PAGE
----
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Vaccines reduce risks of getting a disease by working with your body’s natural defenses to build protection.


When you get a vaccine, your immune system responds. It:

  • Recognizes the invading germ, such as the virus or bacteria.

  • Produces antibodies. Antibodies are proteins produced naturally by the immune system to fight disease.

  • Remembers the disease and how to fight it. If you are then exposed to the germ in the future, your immune system can quickly destroy it before you become unwell.


The vaccine is therefore a safe and clever way to produce an immune response in the body, without causing illness.

Our immune systems are designed to remember. Once exposed to one or more doses of a vaccine, we typically remain protected against a disease for years, decades or even a lifetime. This is what makes vaccines so effective. Rather than treating a disease after it occurs, vaccines prevent us in the first instance from getting sick.

Edward Jenner demonstrated the value of immunisation against smallpox in 1792.  Nearly 200 years later, in 1977, smallpox was eradicated from the world through the widespread and targeted use of the vaccine.  In 1974, based on the emerging success of smallpox, the World Health Organization (WHO) established the Expanded Programme on Immunisation (EPI - BCG, OPV, diphtheria, tetanus, pertussis, and measles).  

Through the 1980s, (United Nations Children Education Fund) UNICEF worked with the WHO to achieve Universal Childhood Immunisation of the six EPI vaccines ​

Barbados Immunisation Schedule

2 months      1st DPT and Oral/IM Polio, HIB, Hep B
                     & Pneumococcus

4 months      2nd DPT and Oral/IM Polio, HIB, Hep B 

                     & Pneumococcus

6 months      3rd DPT and Oral/IM Polio, HIB, Hep B

                     & Pneumococcus

12 months    1st Measles, Mumps. Rebella

18 months    1st Booster DPT & Oral/IM Polio

3-5 years      2nd Measles, Mumps, Ruebella

4 1/2 years   2nd Booster DPT & Oral/IM Polio

5 years         B.C.G (usually given at school)

11 years       3rd booster DT & Oral/IM Polio

Important Facts For Parents About Immunisation

  • Immunisation is very important because it protects children against several dangerous diseases. 

  • A child who is not immunized is more likely to become sick, permanently disabled or undernourished, and could possibly die.

  • Immunisation is especially important during the first year and into the second year of a child’s life. 

  • It is essential that all infants get all recommended vaccines at the right time.

  • Some vaccines require multiple doses for full protection.  It is important for every child to complete the full number of these immunizations  and parents and those responsible for children should follow the immunizations scheduled set out by the Ministry of Health (see chart).

  • All children, including those who are disabled, need to be vaccinated.  A child is immunized by vaccines, which are injected or given by mouth. The vaccines work by building up the child’s defences against diseases.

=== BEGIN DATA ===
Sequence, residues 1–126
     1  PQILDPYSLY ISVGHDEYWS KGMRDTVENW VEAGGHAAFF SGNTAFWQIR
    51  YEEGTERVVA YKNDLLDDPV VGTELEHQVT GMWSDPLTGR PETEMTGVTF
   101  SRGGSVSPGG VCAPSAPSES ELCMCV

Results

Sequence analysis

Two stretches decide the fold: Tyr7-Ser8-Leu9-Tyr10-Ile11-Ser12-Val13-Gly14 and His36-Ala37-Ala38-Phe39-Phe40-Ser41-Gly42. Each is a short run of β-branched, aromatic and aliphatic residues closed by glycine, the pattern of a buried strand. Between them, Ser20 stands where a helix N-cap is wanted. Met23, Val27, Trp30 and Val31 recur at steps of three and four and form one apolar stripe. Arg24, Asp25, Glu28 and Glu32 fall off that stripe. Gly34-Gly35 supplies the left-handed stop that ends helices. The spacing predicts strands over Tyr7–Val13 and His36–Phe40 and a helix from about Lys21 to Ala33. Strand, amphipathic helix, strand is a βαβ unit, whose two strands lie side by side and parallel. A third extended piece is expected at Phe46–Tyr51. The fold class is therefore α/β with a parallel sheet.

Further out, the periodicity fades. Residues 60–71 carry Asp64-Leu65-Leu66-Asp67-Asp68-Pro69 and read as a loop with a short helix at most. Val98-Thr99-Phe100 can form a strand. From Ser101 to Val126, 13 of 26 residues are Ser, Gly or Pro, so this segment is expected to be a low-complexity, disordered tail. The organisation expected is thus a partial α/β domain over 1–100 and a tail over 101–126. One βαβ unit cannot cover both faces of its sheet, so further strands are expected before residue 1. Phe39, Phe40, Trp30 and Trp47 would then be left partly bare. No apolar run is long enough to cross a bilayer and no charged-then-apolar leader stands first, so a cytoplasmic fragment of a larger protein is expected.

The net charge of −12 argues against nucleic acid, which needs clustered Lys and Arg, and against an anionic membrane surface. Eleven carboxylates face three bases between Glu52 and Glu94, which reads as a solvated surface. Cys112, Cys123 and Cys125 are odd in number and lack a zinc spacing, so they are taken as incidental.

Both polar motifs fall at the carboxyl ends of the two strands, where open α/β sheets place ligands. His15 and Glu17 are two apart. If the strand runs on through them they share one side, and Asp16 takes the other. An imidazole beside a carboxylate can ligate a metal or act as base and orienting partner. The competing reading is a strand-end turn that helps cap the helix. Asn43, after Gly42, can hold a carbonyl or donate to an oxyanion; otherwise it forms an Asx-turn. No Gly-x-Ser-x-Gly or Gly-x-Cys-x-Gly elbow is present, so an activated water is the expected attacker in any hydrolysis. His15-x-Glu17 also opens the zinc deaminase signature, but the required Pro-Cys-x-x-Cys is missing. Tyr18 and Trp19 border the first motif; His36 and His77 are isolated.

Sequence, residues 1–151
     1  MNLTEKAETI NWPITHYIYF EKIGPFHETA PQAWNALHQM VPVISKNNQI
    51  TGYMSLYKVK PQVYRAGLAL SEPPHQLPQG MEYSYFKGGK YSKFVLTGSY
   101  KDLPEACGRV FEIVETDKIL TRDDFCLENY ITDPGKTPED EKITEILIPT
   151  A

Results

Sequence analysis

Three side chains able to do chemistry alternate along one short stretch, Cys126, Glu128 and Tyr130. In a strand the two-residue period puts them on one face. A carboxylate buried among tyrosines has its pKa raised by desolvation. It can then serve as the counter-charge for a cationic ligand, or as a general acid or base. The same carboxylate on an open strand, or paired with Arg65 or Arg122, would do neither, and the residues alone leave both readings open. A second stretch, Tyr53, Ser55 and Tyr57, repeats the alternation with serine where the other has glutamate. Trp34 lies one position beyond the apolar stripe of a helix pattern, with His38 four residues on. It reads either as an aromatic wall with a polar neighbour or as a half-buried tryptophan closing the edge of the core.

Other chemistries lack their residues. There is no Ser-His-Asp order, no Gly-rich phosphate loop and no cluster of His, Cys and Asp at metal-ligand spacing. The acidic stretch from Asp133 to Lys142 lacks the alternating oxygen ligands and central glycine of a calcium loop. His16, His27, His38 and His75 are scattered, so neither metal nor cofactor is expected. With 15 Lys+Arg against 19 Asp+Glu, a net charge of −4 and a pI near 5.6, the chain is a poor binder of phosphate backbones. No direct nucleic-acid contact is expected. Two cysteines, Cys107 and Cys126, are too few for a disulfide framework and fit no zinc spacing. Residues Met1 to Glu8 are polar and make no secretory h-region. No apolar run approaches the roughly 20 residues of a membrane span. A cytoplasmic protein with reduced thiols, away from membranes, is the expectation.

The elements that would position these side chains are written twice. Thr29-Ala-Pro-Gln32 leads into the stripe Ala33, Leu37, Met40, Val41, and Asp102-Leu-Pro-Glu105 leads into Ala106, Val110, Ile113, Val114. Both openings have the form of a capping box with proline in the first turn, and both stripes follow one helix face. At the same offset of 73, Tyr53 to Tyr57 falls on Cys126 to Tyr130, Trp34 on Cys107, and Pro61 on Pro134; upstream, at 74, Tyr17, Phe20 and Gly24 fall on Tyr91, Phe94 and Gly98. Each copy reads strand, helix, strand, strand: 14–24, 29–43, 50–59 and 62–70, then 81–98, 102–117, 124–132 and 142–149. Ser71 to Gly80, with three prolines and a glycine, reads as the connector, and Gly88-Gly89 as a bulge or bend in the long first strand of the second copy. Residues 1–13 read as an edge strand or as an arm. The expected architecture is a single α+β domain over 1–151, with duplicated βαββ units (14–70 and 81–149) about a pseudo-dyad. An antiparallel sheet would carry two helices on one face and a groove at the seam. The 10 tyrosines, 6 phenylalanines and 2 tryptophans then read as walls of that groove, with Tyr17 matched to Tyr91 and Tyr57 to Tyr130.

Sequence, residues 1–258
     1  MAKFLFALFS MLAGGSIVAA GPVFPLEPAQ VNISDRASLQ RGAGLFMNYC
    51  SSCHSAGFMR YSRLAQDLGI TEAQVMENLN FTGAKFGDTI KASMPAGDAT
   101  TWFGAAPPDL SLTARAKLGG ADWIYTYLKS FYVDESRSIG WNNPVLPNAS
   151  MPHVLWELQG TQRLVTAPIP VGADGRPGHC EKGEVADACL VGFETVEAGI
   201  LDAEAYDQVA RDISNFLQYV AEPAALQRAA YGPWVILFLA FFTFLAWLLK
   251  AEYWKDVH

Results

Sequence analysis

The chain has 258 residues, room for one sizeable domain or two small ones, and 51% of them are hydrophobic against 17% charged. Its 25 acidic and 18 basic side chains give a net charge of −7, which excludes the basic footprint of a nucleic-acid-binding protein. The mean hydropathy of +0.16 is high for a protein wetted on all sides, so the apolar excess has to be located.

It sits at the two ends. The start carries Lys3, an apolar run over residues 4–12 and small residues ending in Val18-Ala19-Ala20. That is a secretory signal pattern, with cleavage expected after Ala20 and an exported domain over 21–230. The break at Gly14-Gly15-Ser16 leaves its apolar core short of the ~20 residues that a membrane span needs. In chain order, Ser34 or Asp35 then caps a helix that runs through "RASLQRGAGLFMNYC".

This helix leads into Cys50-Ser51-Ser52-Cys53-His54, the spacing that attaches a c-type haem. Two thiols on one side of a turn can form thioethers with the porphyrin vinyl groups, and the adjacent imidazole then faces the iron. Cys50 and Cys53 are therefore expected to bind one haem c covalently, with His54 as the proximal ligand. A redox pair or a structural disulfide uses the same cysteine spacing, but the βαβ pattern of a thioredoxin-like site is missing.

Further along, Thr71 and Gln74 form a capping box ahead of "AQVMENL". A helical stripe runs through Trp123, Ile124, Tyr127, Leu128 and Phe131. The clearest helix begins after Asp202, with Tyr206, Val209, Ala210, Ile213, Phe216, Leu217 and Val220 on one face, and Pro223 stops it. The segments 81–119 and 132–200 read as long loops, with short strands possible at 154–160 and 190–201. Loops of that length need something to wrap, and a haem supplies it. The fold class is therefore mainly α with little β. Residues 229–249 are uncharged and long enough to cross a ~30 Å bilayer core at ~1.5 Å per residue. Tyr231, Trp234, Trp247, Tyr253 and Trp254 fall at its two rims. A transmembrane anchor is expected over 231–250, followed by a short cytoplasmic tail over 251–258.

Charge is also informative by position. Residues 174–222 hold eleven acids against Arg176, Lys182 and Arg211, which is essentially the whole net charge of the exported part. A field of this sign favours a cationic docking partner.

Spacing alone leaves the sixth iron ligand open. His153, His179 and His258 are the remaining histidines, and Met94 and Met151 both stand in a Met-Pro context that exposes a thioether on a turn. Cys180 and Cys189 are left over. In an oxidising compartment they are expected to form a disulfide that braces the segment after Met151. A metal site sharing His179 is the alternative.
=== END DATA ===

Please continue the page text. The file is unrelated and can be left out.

• Immunization only works if given before the disease strikes.

  • A child who is not immunized is very likely to get measles, whooping cough and many other diseases that can kill. Children who survive these diseases are weakened and may not grow well. They may be permanently disabled. They may die later from malnutrition and other illnesses.

  • All pregnant women and infants need to be immunized against tetanus.

  • Immunizing a woman or adolescent with at least two doses of tetanus toxoid before or during pregnancy protects the newborn for the first few weeks of life and protects the mother.

  • It is safe to immunize a child who has a minor illness or a disability or is malnourished.

  • Many parents do not take a child to be immunized because the child has a fever, cough, cold, diarrhoea or some other illness. However, it is safe to immunize a child who has a minor illness.

  • It is also safe to immunize a child who has a disability or is malnourished. If a child is HIV-positive or suspected to be HIV-positive, a trained health worker should be consulted about which vaccines to give the child.

  • After an injection, the child may cry or develop a fever, a minor rash or a small  sore. This is normal and shows that the vaccine is working.   Children under 6  months of age should breastfeed frequently; older children should be given plenty of liquids and foods.

  • If the child develops a high fever (over 38 degrees Celsius) the child should be given medical attention.

  • A new syringe must be used for every person being immunized. People should demand a new syringe for every vaccination.

  • Sharing syringes and needles, even among family members, can spread life-threatening diseases.

  • All immunizations in any setting, including emergencies, should be given with syringes that can be used only once.

  • The vaccination card of a child (or an adult) should be presented to the health  worker before every immunization.

  • When a child is immunized, the health worker should record the vaccine, which dose it is (first, second, etc.) and the date on an immunization or health card given to the parents or other caregiver. The immunizations should also be recorded and kept at the health clinic.

  • It is important for the parents or other caregiver to keep the immunization card and bring it with them the next time the child is vaccinated.  With it, the health worker can record which vaccines the child has received and the date they were given. The healh worker can also provide information to the parents or other caregiver on vaccines that are missing or remaining.

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